(CN) – A federal judge in Nevada blasted copyright-holding company Righthaven for its “flagrant misrepresentation” about its purported standing to sue on behalf of the Las Vegas Review-Journal, dismissing one infringement lawsuit and hinting that roughly 200 of the company’s other lawsuits may meet the same fate.
U.S. District Judge Roger Hunt found that Righthaven lacks standing to sue a political website for posting the Review-Journal’s articles, and he gave the company two weeks to show why he shouldn’t toss out roughly 200 other federal copyright-infringement lawsuits Righthaven has filed in Nevada.
Called a “copyright troll” by fair-use advocates, Righthaven signed an agreement in 2010 with Stephens Media that supposedly gave the company the right to sue websites and bloggers on behalf of the Las Vegas Review-Journal for the unauthorized use of the paper’s articles and photos.
Righthaven has filed hundreds complaints in Nevada District Court based on this “Strategic Alliance Agreement,” including an action against the political website Democratic Underground. In that suit, Righthaven claimed that the website illegally posted a portion of a Review-Journal article about a senatorial campaign. Democratic Underground shot back with a counterclaim against both Righthaven and Stephens Media, forcing Stephens Media to reveal the details of the agreement.
Based on those details, Democratic Underground challenged Righthaven’s standing to sue, arguing that the agreement does not actually give the company the rights that it claims it has.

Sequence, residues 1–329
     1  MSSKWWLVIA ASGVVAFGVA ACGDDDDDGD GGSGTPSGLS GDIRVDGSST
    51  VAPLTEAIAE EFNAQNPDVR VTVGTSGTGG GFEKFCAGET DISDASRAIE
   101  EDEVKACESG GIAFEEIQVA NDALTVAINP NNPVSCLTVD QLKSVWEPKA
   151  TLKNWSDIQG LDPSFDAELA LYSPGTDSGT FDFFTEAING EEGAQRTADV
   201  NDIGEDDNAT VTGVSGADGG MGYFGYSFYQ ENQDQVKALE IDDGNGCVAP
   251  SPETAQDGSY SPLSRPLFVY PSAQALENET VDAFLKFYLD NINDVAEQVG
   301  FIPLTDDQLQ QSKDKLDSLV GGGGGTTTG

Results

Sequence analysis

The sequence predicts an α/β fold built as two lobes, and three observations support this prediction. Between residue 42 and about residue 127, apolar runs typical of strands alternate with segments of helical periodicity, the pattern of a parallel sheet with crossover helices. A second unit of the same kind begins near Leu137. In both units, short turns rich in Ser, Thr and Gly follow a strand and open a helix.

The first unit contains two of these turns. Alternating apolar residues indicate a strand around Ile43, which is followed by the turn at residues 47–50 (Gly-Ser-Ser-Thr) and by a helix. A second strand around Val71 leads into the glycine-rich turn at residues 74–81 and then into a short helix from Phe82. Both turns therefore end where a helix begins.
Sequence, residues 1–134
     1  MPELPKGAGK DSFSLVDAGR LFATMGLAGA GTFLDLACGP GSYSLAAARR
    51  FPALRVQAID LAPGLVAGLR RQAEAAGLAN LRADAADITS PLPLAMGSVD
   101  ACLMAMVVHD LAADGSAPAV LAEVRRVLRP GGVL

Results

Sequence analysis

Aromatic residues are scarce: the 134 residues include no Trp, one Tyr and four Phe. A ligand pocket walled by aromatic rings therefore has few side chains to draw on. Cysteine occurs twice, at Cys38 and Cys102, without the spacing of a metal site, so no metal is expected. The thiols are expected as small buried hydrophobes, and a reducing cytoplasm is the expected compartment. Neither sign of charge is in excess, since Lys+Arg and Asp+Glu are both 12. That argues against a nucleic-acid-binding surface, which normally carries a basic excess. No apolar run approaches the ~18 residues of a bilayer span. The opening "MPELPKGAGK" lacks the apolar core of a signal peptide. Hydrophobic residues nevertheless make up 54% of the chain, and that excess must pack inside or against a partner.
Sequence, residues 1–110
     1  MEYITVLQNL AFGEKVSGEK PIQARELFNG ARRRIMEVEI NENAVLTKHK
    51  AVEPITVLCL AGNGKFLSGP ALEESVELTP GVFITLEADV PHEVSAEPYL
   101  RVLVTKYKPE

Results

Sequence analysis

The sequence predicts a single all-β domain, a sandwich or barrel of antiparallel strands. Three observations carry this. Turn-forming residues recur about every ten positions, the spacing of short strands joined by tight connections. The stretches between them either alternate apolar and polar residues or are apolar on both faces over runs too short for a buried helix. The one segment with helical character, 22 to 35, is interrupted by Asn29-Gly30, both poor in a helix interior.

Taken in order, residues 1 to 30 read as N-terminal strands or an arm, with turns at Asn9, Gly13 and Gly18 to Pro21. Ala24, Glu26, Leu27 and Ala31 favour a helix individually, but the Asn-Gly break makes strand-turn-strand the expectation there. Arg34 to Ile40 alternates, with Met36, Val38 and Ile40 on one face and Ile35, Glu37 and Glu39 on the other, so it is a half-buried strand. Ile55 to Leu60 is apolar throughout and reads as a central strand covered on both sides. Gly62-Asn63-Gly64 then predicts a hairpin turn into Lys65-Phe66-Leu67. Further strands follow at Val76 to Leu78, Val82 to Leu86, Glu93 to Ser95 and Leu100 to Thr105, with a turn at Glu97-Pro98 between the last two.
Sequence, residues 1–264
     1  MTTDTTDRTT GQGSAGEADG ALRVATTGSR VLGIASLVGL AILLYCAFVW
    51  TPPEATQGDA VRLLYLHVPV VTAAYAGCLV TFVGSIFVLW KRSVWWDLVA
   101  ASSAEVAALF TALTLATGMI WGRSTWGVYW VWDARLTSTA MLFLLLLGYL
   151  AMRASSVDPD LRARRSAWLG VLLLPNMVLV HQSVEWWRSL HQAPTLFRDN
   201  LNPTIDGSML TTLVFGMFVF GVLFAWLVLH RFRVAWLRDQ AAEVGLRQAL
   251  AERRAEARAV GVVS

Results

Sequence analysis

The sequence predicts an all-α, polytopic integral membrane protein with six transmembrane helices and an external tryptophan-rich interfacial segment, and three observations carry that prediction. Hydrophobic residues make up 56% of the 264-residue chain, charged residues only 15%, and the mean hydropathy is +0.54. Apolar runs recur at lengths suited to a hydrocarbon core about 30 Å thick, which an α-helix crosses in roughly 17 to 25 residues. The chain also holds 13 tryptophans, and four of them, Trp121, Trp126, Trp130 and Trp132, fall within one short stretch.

U.S. District Judge Roger Hunt agreed in an order signed Tuesday.
Hunt found that, based on the 9th Circuit’s 2005 ruling in Silvers v. Sony Pictures Entertainment, “only the legal or beneficial owner of an exclusive right under copyright law is entitled, or has standing, to sue for infringement.”
The agreement, however, grants Righthaven only the right to sue on Stephens Media’s behalf; it does not give the company actual ownership rights to any of the newspaper’s copyrights.
“In reality, Righthaven actually left the transaction with nothing more than a fabrication since a copyright owner cannot assign a bare right to sue after Silvers,” Hunt wrote. “To approve of such a transaction would require the court to disregard the clear intent of the transaction and the clear precedent set forth by the en banc Ninth Circuit in Silvers.”
After dismissing Righthaven from the action against Democratic Underground, Hunt went on to question the company’s standing in all of its suits, and argued that any of its previous victories in Nevada District Court were “tainted by Righthaven’s failure to disclose the SAA and Stephens Media’s true interest.”
Hunt gave Righthaven two weeks to show why it should not be sanctioned for failing to disclose the details of its contract with Stephens Media, and hinted that his finding could doom all of the company’s current lawsuits.
“Not only did Righthaven fail to identify Stephens Media as an interested party in this suit, the court believes that Righthaven failed to disclose Stephens Media as an interested party in any of its approximately 200 cases filed in this District,” he wrote. “Accordingly, the Court orders Righthaven to show cause, in writing, no later than two (2) weeks from the date of this order, why it should not be sanctioned for this flagrant misrepresentation to the court.”